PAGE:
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Purification of Organosilanes


Air Products is offering for license a patent that introduces a process for the removal of Group 13 and/or Group 15 impurities from and organosilane. This process is comprised of contacting an organosilane with a reagent substantially soluble in the organosilane and forming a complex with the Group 13 and/or Group 15 element which is less volatile than the organosilane. The reagent is selected from an organic molecule consisting of any of the following functionalities: thiols, alcohols, carboxylic acids, amines or mixtures thereof. The complex formed by the reagent is separated from the organosilane by distillation. This is a process that is necessary to provide high purity organosilanes which are widely used in the electronics industry. Organosilanes are used as a major source for depositing silicon dioxide in the fabrication of semiconductors. Ultra high purity precursors are extremely important for the fabrication of high performance devices in the semiconductor industry. As the device density increases with the number of transistors, the dimensions of the device decrease to submicroscopic features. Even very low levels of impurities can affect the device in high failure rates and low performance. The thickness of the dielectric layers between the levels is continuously reduced to allow for the devices to operate at high speeds. As a result even small amounts of impurities diffuse readily at high temperatures through these dielectric layers and cause device failures. Some of the other problems which are caused by the presence of impurities are leakage current at junctions, unstable electrical characteristics of silicon dioxide, and localized eutectic points with silicon to form undesirable alloys. Some previous methods of Group 13 and Group 15 impurity removal do currently exist. One such method is the removal of boron and other impurities in water by use of a boron specific resin. Ion exchange resins which contain N-methylglucamine have been used specifically to bind boron as boric acid.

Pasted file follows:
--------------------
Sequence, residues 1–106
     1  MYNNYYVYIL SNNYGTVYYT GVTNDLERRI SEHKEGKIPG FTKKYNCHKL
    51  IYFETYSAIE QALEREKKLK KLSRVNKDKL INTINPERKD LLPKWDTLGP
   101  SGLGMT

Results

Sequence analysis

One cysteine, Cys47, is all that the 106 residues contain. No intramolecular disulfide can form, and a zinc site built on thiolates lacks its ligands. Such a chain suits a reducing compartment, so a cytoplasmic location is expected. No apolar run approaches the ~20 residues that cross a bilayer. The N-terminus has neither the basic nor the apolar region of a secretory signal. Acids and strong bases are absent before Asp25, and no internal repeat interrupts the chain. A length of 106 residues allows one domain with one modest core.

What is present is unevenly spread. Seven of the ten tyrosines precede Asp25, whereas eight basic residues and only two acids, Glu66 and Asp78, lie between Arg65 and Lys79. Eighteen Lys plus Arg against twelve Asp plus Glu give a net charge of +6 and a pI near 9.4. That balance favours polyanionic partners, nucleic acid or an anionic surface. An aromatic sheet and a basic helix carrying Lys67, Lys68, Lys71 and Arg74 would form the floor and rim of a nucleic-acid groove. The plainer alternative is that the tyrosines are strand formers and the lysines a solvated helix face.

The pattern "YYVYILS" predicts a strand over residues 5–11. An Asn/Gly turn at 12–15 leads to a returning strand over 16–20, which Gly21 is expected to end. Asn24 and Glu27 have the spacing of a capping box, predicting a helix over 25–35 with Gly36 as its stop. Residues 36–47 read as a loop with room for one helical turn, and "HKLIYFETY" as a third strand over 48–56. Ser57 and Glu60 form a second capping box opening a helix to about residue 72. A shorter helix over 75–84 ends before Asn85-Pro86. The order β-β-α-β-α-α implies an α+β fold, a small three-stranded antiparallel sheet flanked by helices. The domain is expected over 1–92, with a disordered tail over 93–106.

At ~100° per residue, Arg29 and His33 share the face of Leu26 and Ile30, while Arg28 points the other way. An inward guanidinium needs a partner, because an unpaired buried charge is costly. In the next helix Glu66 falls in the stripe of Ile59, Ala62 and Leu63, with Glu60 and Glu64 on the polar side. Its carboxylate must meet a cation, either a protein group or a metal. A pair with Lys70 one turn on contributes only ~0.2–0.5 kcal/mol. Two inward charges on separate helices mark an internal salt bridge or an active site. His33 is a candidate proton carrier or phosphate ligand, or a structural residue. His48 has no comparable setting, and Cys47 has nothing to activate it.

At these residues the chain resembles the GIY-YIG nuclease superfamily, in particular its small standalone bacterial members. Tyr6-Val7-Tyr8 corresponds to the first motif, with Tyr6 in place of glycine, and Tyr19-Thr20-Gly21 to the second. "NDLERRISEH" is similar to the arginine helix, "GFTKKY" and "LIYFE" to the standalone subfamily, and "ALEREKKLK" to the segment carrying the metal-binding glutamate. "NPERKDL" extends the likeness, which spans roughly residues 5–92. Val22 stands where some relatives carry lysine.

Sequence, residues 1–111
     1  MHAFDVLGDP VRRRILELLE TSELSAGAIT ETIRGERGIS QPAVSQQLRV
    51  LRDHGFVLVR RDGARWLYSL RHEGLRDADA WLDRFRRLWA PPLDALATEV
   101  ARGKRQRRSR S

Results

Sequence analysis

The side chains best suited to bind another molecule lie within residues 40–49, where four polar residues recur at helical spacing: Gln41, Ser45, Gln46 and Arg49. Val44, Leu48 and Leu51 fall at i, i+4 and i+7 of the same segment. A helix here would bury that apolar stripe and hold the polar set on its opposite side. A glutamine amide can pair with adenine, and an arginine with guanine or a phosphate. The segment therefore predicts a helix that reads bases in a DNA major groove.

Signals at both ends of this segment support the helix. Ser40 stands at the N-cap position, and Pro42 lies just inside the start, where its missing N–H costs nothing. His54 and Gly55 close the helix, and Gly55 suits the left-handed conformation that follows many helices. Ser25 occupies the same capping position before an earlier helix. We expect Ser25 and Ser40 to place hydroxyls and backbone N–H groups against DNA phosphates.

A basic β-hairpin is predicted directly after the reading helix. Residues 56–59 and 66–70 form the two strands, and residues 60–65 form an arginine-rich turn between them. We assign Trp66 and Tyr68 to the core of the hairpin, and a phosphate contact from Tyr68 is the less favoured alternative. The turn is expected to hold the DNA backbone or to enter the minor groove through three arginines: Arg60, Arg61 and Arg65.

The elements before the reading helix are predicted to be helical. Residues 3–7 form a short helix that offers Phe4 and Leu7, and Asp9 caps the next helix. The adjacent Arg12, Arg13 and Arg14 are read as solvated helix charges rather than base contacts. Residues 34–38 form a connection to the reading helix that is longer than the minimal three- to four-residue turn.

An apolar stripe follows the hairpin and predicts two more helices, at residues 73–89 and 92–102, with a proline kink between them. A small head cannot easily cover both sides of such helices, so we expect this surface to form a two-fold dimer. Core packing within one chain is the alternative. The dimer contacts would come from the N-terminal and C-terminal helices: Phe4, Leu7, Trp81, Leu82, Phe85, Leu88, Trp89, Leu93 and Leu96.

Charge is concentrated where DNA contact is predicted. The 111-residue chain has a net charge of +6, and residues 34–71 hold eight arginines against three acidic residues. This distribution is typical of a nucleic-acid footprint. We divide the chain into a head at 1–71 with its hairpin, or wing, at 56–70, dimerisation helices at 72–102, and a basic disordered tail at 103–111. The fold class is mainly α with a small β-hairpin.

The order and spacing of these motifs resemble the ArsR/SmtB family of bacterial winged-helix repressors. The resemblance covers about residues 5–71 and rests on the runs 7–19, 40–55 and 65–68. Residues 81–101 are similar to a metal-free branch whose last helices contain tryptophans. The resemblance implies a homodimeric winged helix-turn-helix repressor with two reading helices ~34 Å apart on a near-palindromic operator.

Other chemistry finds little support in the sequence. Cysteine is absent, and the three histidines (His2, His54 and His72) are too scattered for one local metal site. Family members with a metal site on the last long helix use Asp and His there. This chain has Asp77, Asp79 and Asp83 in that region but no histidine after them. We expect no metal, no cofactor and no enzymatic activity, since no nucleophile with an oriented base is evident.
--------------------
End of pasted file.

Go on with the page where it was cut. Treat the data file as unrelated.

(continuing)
• Higher purity
  • Decreased distillation losses
  • Improved performance of the devices the organosilanes are used to make
  • Decreased failure of the devices the organosilanes are used to make


Priority Patent Docket No.

Purification of Organosilanes of Group 13 (IIA) and 15 (VA) Impurities US 5,902,893


These patents are available for license on a worldwide basis.

Purification of Organosilanes
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